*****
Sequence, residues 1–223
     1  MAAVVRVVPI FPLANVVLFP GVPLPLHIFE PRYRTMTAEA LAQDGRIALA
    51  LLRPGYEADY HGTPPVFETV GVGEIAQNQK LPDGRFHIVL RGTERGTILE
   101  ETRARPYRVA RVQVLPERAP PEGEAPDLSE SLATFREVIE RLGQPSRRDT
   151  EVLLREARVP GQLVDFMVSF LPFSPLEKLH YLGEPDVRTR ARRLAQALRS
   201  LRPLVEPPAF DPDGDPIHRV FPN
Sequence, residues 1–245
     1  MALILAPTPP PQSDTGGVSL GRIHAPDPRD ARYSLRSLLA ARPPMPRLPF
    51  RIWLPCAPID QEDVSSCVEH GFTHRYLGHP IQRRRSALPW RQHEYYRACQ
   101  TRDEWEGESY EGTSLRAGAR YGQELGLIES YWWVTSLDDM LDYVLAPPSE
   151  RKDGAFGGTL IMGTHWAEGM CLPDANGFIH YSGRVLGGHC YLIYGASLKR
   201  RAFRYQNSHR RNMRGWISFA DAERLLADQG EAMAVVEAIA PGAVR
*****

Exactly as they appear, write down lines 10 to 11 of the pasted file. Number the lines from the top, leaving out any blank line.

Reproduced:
   101  TRDEWEGESY EGTSLRAGAR YGQELGLIES YWWVTSLDDM LDYVLAPPSE
   151  RKDGAFGGTL IMGTHWAEGM CLPDANGFIH YSGRVLGGHC YLIYGASLKR